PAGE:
Microsoft made a big push to ensure that when Windows 8 went live in October, the apps in its Windows Store would not disappoint, claiming it would have more apps than any other platform at launch, and then cracking 20,000 apps within the first month. Now, according to new figures from Distimo, the store has followed through with strong download activity: the daily download volume of the top 300 apps is already three times higher than that of the top 300 in the Apple Mac Store.
But bigger doesn’t mean more valuable — not yet, at least. With some 86% of all Windows 8 apps free, Apple continues to generate five time the revenues on its Mac Store. At the moment, Microsoft itself is proving to be the highest-grossing app publisher. (Full table below)
The Windows 8 store’s applications are geared towards tablets and PCs, so if you are comparing it to Apple’s app business, this puts it between the Apple Mac Store and Apple’s iPad-dedicated apps on the main App Store. It’s quickly surpassed the former, which Distimo says currently only has 13,000 apps, but it is very, very far behind the latter, which in October passed the 275,000 mark. Comparing it to Apple’s entire main app store, with 700,000 apps, or Google Play with over 600,000, is even more dwarfing. Even the existing Windows Phone 7 store is ten times as big.
At the moment, Microsoft has managed to keep a balanced mix between the different interfaces being served through the store:
One area where Distimo says Windows 8 has been particularly strong is in localized content: on average more than 10% of apps in the top 300 rankings are popular to specific countries. Distimo notes that when considering bigger markets, where developers are more likely to make language-specific apps, the proportion is even higher. In Japan, for example, 41% of the top apps are local to Japan; 30% of Korea’s top apps were Korean-language.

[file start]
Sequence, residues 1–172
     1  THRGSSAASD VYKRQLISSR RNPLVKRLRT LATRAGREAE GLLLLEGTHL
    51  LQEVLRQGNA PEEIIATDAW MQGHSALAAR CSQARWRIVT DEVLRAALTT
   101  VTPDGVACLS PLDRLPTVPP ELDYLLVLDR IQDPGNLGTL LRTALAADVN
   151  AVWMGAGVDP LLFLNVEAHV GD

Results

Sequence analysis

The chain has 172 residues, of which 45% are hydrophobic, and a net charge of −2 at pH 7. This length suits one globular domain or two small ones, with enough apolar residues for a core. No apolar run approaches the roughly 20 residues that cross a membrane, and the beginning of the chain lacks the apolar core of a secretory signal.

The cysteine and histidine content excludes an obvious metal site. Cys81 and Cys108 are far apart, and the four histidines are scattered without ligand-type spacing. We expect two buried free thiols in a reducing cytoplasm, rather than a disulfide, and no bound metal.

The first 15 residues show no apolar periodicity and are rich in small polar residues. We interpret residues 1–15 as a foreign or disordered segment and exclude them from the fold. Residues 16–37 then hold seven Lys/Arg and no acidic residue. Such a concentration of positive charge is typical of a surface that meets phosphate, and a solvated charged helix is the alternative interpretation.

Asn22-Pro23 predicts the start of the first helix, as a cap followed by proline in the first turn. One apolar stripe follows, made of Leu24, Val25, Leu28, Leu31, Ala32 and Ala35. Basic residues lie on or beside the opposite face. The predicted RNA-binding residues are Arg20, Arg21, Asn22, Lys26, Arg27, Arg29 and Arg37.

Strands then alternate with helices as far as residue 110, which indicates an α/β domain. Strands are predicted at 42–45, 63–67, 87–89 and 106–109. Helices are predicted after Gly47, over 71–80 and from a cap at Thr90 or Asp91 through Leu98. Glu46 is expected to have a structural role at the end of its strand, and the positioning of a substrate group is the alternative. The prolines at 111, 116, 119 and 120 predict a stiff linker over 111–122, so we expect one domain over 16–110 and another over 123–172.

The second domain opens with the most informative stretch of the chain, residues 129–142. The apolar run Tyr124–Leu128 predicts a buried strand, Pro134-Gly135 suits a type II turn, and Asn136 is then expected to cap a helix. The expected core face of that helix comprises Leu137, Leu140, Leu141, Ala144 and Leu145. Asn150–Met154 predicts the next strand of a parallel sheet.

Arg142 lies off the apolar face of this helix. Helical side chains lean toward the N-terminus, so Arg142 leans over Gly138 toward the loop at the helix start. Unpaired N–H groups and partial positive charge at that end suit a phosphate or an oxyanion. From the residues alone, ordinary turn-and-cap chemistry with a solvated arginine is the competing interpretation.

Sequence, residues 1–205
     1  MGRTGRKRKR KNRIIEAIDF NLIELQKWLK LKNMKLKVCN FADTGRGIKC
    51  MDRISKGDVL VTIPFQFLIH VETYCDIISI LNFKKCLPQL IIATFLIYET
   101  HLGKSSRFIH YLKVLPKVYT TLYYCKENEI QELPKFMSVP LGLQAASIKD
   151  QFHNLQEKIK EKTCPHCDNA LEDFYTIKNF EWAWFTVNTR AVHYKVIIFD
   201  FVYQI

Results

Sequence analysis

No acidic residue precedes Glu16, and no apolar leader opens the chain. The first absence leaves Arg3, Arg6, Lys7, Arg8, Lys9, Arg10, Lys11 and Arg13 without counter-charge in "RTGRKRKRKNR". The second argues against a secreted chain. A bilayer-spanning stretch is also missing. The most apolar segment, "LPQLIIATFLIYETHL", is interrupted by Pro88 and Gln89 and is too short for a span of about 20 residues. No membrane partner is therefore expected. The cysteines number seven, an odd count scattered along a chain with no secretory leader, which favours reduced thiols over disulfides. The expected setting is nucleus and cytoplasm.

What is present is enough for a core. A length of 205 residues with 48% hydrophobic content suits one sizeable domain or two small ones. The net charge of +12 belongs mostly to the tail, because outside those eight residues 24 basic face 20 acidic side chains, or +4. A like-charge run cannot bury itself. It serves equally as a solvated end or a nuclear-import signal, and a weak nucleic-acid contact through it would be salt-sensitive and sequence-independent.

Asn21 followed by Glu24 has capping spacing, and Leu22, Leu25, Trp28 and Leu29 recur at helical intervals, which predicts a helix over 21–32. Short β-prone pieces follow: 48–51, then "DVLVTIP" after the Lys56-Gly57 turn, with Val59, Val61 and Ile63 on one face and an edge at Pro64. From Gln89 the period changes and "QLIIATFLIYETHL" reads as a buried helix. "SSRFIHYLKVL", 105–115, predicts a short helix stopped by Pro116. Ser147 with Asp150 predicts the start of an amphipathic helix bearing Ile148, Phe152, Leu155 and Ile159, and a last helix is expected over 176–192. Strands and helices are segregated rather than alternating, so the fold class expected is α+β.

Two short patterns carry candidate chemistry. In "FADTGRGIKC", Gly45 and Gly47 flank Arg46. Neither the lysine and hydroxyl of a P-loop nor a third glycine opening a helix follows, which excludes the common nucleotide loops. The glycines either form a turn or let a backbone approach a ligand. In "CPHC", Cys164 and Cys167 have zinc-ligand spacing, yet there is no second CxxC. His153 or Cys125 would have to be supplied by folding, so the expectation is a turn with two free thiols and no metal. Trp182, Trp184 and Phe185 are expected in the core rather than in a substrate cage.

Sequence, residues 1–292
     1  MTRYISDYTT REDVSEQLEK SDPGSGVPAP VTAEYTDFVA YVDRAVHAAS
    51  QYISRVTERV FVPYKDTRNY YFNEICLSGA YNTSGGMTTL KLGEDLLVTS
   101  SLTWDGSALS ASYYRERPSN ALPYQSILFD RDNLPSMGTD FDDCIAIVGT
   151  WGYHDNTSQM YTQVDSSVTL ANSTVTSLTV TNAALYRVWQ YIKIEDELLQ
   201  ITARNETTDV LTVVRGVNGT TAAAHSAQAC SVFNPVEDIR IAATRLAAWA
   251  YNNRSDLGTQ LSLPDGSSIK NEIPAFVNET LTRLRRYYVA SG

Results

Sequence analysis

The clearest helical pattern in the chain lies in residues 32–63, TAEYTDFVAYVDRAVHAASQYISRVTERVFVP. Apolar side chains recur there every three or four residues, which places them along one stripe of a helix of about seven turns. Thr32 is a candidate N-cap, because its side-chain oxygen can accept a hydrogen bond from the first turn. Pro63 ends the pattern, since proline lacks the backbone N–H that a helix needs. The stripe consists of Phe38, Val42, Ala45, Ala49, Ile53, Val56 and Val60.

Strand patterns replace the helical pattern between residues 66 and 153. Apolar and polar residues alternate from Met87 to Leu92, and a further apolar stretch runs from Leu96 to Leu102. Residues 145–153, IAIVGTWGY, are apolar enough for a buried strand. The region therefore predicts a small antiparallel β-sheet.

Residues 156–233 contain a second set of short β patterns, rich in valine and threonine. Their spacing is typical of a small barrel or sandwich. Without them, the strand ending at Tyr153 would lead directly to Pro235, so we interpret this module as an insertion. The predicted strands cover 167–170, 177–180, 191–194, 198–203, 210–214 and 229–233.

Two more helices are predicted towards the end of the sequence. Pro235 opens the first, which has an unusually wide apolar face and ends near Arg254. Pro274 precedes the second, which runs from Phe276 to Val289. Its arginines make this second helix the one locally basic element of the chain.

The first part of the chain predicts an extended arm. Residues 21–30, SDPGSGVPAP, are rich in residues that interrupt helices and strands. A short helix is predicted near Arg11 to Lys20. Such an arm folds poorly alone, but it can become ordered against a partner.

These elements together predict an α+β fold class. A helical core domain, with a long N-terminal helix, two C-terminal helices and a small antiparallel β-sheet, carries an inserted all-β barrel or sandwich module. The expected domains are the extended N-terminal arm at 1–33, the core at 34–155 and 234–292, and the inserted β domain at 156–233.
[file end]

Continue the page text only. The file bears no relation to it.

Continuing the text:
The strong local proportion, Distimo notes, is because of two reasons. One, Microsoft has been effective at marketing them to local audiences. Two, there are actually a higher proportion of local apps. The percentage of apps that are U.S.-only in the Windows 8 app store is 65%, compared to 85% and higher in most other app stores.
While the Windows 8 app store continues to grow, one big question will be whether Microsoft manages to navigate more paid content, and more purchasing by consumers, to the platform. Creating an environment where many of the apps are free may make charging for content more challenging in the future — as it has been on the web.
Moreover, for now it looks like different devices are delivering different price points in the store:
Microsoft itself just today posted an update to how it’s monetizing that app store. In a short announcement that Windows 8 had passed 40 million licenses sold, it noted that “a number of apps in the Windows Store have crossed the $25,000 revenue mark.” Unlike developers on the Android or iOS platforms, Microsoft has sweetened the deal and offered developers an 80% cut on revenues from downloads.
One solution for growing revenue may not be in the monetization of apps, says Distimo, but in the Windows 8 being used as a vehicle for downloading and updating heftier (and pricier) system software.
“The app stores have proven to drive a lot of downloads, so it will be very interesting to see how the Windows Store [software] will perform over the coming years,” the company writes. “Distimo believes the Windows Store will become an important channel in digital software distribution, which is why the company already offers support for this on the app store.”